These were the unlikely parallels shared by the Temple Hill experience with events across the water at Twickenham as Cork Constitution stretched their winning start to the AIB League division one season to three games and consigned Buccaneers to their first defeat of the campaign.
Whether you liked it or not, the England-Australia game was never far away from those at Temple Hill, thanks to the eager reporting of the public address announcer. As Con began their comeback from a 17-0 deficit, the crowd were gleefully informed that the Wallabies were stretching their lead; their cheers equalling the gusto which greeted second-half tries from Jerry Murray, Rory Kenneally and their own Aussie hero Jim Williams.
News of the English recovery was not relayed to the suburbs of Cork, however ü perhaps it would have spoiled the mood; maybe it would have inspired Buccs to a find a second wind. As it was, the Connacht outfit were unable to break Con lines late on in the successful manner they had done in the first 35 minutes.
Then, centre Paddy O’Sullivan had further boosted his growing reputation with an opening try after nine minutes and Wayne Munn had doubled the lead by touching down in the 20th. Lee Turner, who had converted both tries, added a penalty and at 17-0 Buccaneers were looking set for a first League victory at Temple Hill in four attempts.
There were further reasons for Con misery. Losing Munster winger Anthony Horgan to a hamstring strain five minutes into his comeback from shoulder surgery during the summer was bad enough. By the time Con scrum-half Pat McCarthy had got his side rolling with two penalties at the end of the half, they had also seen their other winger, Derek Dillon being carried off with ankle trouble.
The omens were not looking good for Con, but as they restarted after the interval at 17-6 down, the home side at last began to show some purpose. Five minutes into the second half, Jerry Murray touched down as the Con pack drove Buccaneers over their won try line.
And though Con lost another man, prop Gareth Murray, in the process, McCarthy’s conversion brought the visitors within touching distance at 13-17. Turner’s penalty six minutes later restored the Buccaneers’ lead to seven points but then up popped Horgan’s replacement, Rory Kenneally to race over the line with McCarthy’s conversion tying the game at 20-20.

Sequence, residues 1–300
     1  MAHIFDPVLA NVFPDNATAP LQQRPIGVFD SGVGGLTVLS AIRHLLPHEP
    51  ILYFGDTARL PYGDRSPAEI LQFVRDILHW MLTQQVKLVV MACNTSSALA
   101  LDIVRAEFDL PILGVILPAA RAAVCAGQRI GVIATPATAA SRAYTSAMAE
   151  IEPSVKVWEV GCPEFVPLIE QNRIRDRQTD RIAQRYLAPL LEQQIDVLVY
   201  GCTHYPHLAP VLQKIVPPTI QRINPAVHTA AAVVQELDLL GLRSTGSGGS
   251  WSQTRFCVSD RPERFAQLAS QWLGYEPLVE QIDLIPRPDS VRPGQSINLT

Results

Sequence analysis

Turner again edged Buccaneers in front with a penalty but two minutes from time another Con drive again paid dividends, this time Williams getting the vital score before McCarthy completed his 100% return with the boot to cap off the scoring and seal victory with his conversion. Whether it was deserved or not, Donncha O’Callaghan was not sure.
“That’s a tight one,” the Con and Munster second row said having played a full 80 minutes in his first game back after spending six weeks out with a broken jaw. “I don’t know about that but I suppose if it was judged on heart then I think we deserved it.
“Technically I don’t think we played the better rugby but then again we’ll take the points. “At 17 points down we had an awful lot of work to do. We were sitting back far too much but in the second half I thought we took the game to them. Buccaneers have an absolutely massive pack and very mobile. There are a lot of Connacht players in there like Colm Rigney and Ronan McCormack and when you’re just about getting used to those fellas they bring on a guy like Martin Cahill. It makes for a hard afternoon.” With O’Callaghan now back, and Horgan only suffering a temporary setback to his recovery, Gaffney is being given more options as the Celtic League quarter-final against Connacht approaches later this month. And not before time, believes O’Callaghan.